Within the first five minutes of my internship at the Jewish Museum of Maryland, I found myself in the midst of an intimidating board meeting. Over the course of the next two months, I realized that I had joined a dynamic staff and a group of enthusiastic Collections interns. So far, I have worked with a wide range of collections including photographs, oral histories, scrapbooks, rare books, invitations, and Bar Mitzvah cards. The most exciting evening of my internship was the day Jobi Zink entrusted me with the condition reports for two swords and a rifle for the Passages through Fire: Jews and the Civil War exhibit. You can find photographic evidence of my excitement at handling these objects on the JMM Facebook album or by clicking these links: Civil War Sword and Full Sword and Scabbard.

While most of the other collections are not as thrilling as swords and rifles, I gained valuable insight about Jewish culture in Baltimore and the rest of Maryland by processing multimedia collections. As an out-of-state undergraduate at UMBC, learning about Jewish life in all aspects of Baltimore’s history has helped me feel at home. I particularly enjoyed processing an affectionate oral testimony about Camps Louise and Airy. Growing up, I never attended Jewish summer camps, so I was intrigued to learn about this important aspect in the history of Baltimore’s Jewish youth. This record is now available in the JMM’s digital collections (Oral History #170).

Most of my work is in the form of paper documents – ranging from Hebrew diplomas, High Holy Day Cards and Bar Mitzvah invitations to family photos and newspaper clippings from Jewish businesses. I am especially intrigued by the sheer extent of the collections donors such as Linda Lapides saw fit to donate to the JMM collections. Within her file, I found a vibrant story of Jewish life evolving and changing within the city of Baltimore. Perusing her donations helped me realize that Jewish life extended far beyond the walls of the synagogue in Baltimore City.  My favorite piece of the collection was a German-language book representing the early Zionist movement, encouraging Jewish people to migrate to what was then British Palestine (Palästina). This was an exciting opportunity to practice my German language skills! In the next file, I stumbled upon two scrapbooks and a large collection of photographs detailing the development of the family-owned Greenberg’s Jewelers – yet another reminder of Jewish life outside of the synagogue. I can’t wait to find out what else lies in store for me to process in the library closed stacks!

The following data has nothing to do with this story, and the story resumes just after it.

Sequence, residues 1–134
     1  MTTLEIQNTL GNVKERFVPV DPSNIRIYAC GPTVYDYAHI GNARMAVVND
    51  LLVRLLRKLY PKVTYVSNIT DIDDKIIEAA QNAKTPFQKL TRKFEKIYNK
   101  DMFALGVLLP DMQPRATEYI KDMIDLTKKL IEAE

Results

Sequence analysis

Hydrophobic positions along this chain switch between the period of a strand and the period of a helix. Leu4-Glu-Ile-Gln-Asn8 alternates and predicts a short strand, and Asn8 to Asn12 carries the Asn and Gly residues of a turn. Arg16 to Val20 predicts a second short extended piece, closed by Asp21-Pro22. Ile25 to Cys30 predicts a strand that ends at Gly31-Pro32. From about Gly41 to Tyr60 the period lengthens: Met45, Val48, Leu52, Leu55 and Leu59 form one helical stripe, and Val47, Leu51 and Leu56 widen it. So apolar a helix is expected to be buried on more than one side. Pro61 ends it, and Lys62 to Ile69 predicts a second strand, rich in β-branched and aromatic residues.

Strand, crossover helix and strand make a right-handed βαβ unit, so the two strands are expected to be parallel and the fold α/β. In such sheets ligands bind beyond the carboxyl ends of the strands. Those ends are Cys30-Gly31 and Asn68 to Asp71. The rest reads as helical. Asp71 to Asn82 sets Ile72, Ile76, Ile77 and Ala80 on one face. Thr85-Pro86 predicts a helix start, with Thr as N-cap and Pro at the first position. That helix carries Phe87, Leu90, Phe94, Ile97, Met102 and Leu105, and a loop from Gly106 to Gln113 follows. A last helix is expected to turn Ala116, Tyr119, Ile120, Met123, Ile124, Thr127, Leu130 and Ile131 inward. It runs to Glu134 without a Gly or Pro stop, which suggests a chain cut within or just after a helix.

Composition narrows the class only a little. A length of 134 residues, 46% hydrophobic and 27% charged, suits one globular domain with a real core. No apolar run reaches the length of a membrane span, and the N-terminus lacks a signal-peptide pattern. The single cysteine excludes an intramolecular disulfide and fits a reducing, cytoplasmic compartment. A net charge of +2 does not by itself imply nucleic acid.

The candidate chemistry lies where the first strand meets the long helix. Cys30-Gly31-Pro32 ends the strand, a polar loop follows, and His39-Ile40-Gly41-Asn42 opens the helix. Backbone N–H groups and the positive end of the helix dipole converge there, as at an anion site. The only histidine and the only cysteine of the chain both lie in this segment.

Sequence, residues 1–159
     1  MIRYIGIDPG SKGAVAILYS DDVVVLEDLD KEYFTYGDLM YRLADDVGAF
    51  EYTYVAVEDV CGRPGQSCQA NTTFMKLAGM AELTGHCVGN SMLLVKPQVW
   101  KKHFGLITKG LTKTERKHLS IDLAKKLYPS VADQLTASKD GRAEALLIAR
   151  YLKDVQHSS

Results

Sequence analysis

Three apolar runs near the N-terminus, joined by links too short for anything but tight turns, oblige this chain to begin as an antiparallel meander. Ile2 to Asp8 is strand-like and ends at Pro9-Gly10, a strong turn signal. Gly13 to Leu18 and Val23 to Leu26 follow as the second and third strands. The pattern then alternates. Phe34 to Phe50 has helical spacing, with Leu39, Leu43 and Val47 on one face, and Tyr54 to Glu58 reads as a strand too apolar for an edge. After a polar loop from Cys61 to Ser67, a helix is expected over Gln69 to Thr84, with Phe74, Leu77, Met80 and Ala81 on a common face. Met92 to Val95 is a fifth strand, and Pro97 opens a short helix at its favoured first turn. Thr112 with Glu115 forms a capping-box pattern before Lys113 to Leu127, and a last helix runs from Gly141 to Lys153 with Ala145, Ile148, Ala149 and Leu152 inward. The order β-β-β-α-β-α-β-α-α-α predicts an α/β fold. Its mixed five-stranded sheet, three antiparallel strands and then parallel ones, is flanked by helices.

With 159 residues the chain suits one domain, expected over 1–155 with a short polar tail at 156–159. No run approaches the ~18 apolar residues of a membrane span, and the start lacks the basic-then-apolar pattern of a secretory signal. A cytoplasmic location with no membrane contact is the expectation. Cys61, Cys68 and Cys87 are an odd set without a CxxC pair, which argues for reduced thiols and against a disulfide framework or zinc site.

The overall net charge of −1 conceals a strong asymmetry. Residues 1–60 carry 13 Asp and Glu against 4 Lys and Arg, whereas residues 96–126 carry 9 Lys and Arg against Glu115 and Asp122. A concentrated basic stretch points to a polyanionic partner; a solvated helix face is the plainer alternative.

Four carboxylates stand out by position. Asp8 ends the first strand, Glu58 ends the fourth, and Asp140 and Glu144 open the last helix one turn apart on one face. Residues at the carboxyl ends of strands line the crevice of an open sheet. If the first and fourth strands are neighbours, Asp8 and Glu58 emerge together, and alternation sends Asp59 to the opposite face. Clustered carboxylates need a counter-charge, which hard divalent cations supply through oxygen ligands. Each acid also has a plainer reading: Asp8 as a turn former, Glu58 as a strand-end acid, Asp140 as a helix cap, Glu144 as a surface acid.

Intern JenA blog post by Collections Intern Jen Wachtel. To read more posts by JMM interns, click here.

Posted in jewish museum of maryland




A Slight Family Resemblance?

Posted on October 21st, 2013 by

For those of you lucky enough to have already seen our new exhibit, Passages through the Fire: Jews and the Civil War, you might have noticed this portrait in the beginning of the exhibit, of Betsey Wiesenfeld, neè Friedenwald.

Betsey Wiesenfeld

Betsey Wiesenfeld

You might also have read the letter written by Betsey’s young daughter, Rosa Wiesenfeld, to her father while he was in prison during the war.

Rosa Wiesenfeld

Rosa Wiesenfeld

What you might not know, is that we have a celebrity in our midst. Beloved, long-time volunteer, Betsey Kahn, is Rosa’s granddaughter, and is Betsey Wiesenfeld’s namesake! The next time you see Betsey at the front desk, try to see if you can spot the family resemblance!

Betsey Kahn

Betsey Kahn

abby krolik copyA blog post by Visitor Services Coordinator Abby Krolik. To read more posts by Abby, click here.

Posted in jewish museum of maryland